August 7, 2013
Defendants Double Billed for Equine Facilitated Therapy
Reno, NV – Nevada Attorney General Catherine Cortez Masto today announced that Suzanne Pindell, 64, of Fork of Salmon, California, and Terra Shepherd, 44, of Chico, California, and the behavioral health company they owned, HealTherapy of Nevada, were each sentenced today for a misdemeanor offense of submission of false Medicaid claims for a scam that double billed for equine facilitated therapy.
“Fraudulent Medicaid schemes will not be tolerated,” said Masto. “We will prosecute and punish those who engage in these schemes in order to protect the integrity of the Medicaid system.”
District Court Judge Lidia Stiglich adjudicated each of the defendants guilty and ordered payment of restitution, penalties and costs of $30,000, to be paid between them.
In August 2010, the Attorney General’s Medicaid Fraud Control Unit (MFCU) received information that HealTherapy of Nevada (HTN), a behavioral health company owned and operated by Pindell and Shepherd, was billing Medicaid for services it had apparently provided, but was doubling the amounts of its claims. Medicaid provides payment to behavioral health companies who provide mental health services such as substance abuse services, medication management and rehabilitative mental health services. These rehabilitative mental health services include therapy and other interventions designed to teach constructive cognitive and behavioral skills.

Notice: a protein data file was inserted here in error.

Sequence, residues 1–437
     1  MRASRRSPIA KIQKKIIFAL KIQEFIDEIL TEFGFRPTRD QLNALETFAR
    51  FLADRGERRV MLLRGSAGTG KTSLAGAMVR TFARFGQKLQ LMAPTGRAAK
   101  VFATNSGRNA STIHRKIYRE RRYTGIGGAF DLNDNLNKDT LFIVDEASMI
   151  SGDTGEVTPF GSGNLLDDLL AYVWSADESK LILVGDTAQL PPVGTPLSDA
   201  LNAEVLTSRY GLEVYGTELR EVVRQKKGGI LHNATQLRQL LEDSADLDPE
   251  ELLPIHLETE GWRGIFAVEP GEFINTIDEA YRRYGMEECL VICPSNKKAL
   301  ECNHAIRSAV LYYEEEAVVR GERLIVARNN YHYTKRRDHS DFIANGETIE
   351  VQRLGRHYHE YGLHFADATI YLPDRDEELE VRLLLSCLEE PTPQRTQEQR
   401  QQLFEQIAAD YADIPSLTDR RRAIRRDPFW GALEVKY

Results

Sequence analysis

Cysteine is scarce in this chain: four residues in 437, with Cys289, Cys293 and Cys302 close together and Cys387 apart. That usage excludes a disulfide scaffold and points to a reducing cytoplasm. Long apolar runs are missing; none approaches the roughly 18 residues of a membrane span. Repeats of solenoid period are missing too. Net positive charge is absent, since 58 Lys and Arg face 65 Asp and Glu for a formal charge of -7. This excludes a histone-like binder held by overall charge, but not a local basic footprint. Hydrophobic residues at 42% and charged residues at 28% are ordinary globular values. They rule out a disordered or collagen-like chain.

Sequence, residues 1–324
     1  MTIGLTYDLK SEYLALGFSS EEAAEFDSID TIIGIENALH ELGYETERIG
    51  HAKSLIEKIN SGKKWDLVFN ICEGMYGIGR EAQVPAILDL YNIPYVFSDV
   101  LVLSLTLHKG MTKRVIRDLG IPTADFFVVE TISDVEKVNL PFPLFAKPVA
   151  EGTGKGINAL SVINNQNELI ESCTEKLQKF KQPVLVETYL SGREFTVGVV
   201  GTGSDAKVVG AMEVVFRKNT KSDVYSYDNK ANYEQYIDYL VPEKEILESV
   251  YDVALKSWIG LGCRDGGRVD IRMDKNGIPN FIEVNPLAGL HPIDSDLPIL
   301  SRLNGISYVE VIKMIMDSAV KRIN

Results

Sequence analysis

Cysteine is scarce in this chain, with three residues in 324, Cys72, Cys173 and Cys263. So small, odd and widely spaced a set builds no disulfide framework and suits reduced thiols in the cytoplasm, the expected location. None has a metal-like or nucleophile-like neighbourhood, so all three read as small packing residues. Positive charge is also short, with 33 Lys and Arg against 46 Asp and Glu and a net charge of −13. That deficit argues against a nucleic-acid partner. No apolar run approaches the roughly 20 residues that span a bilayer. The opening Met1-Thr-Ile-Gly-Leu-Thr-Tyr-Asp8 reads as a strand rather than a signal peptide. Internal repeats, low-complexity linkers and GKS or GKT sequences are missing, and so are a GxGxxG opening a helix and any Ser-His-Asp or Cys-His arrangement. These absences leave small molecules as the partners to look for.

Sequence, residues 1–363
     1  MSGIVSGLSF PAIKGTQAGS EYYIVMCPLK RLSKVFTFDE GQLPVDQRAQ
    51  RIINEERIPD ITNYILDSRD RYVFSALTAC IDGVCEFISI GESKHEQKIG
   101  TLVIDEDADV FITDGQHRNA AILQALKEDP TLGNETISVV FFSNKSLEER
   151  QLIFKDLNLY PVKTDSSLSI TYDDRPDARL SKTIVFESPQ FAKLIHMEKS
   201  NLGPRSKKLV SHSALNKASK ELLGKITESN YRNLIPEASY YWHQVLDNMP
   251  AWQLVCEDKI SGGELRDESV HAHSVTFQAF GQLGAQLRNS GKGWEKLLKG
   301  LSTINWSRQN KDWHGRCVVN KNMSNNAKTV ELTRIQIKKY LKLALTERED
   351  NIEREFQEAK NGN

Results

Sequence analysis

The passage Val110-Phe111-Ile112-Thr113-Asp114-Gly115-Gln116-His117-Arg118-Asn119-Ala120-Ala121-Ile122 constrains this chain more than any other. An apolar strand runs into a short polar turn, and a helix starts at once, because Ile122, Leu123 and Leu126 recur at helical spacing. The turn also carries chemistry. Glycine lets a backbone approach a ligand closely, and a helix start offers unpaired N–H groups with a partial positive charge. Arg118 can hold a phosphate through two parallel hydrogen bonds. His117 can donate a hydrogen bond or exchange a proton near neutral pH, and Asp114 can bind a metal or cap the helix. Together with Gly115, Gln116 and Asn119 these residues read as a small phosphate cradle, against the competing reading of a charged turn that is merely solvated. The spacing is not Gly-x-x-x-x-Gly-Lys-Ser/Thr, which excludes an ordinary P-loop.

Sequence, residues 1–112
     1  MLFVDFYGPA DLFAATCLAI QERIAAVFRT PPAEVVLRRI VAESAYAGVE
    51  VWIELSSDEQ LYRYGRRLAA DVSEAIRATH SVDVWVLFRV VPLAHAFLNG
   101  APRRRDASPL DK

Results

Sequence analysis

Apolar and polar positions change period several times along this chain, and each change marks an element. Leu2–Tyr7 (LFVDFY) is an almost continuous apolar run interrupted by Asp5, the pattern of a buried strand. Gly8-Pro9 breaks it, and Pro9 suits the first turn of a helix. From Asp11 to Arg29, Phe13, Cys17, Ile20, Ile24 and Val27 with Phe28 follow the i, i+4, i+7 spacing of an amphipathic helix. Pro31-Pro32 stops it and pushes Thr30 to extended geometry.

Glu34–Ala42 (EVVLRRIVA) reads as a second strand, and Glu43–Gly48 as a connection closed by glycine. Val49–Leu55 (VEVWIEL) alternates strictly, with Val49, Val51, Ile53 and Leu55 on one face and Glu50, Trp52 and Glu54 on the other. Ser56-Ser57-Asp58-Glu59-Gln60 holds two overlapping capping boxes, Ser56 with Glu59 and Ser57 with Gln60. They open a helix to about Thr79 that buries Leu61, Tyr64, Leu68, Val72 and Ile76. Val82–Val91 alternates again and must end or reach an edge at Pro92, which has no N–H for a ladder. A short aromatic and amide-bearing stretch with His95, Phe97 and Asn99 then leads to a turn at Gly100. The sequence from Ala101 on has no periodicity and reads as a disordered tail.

Further investigation by the MFCU revealed that HTN would commonly provide only one hour of service to a client but would bill Medicaid as if it had provided two hours of service. HTN provided “equine facilitated therapy,” by which it would incorporate the use of horses in the treatment of clients. HTN sought to justify the additional health care billing with client transportation, note writing and horse maintenance. HTN and its owners were aware that this billing scheme was improper but still billed Medicaid for the added time – without revealing that the full two hours of service were not being provided with the Medicaid recipients.
Persons convicted of Medicaid fraud may also be administratively excluded from future Medicaid participation.
The case was investigated and prosecuted by the Nevada Attorney General’s MFCU, which investigates and prosecutes financial fraud by those providing healthcare services or goods to Medicaid patients. The case was prosecuted by Matthew Jensen, Senior Deputy Attorney General.
The MCFU unit also investigates and prosecutes instances of elder abuse or neglect. Anyone wishing to report suspicions regarding any of these concerns may contact the Medicaid Fraud Control Unit in Carson City (775) 684-1191 or in Las Vegas (702) 486-3187. Medicaid fraud information can also be found on the Attorney General’s web site: http://ag.nv.gov/.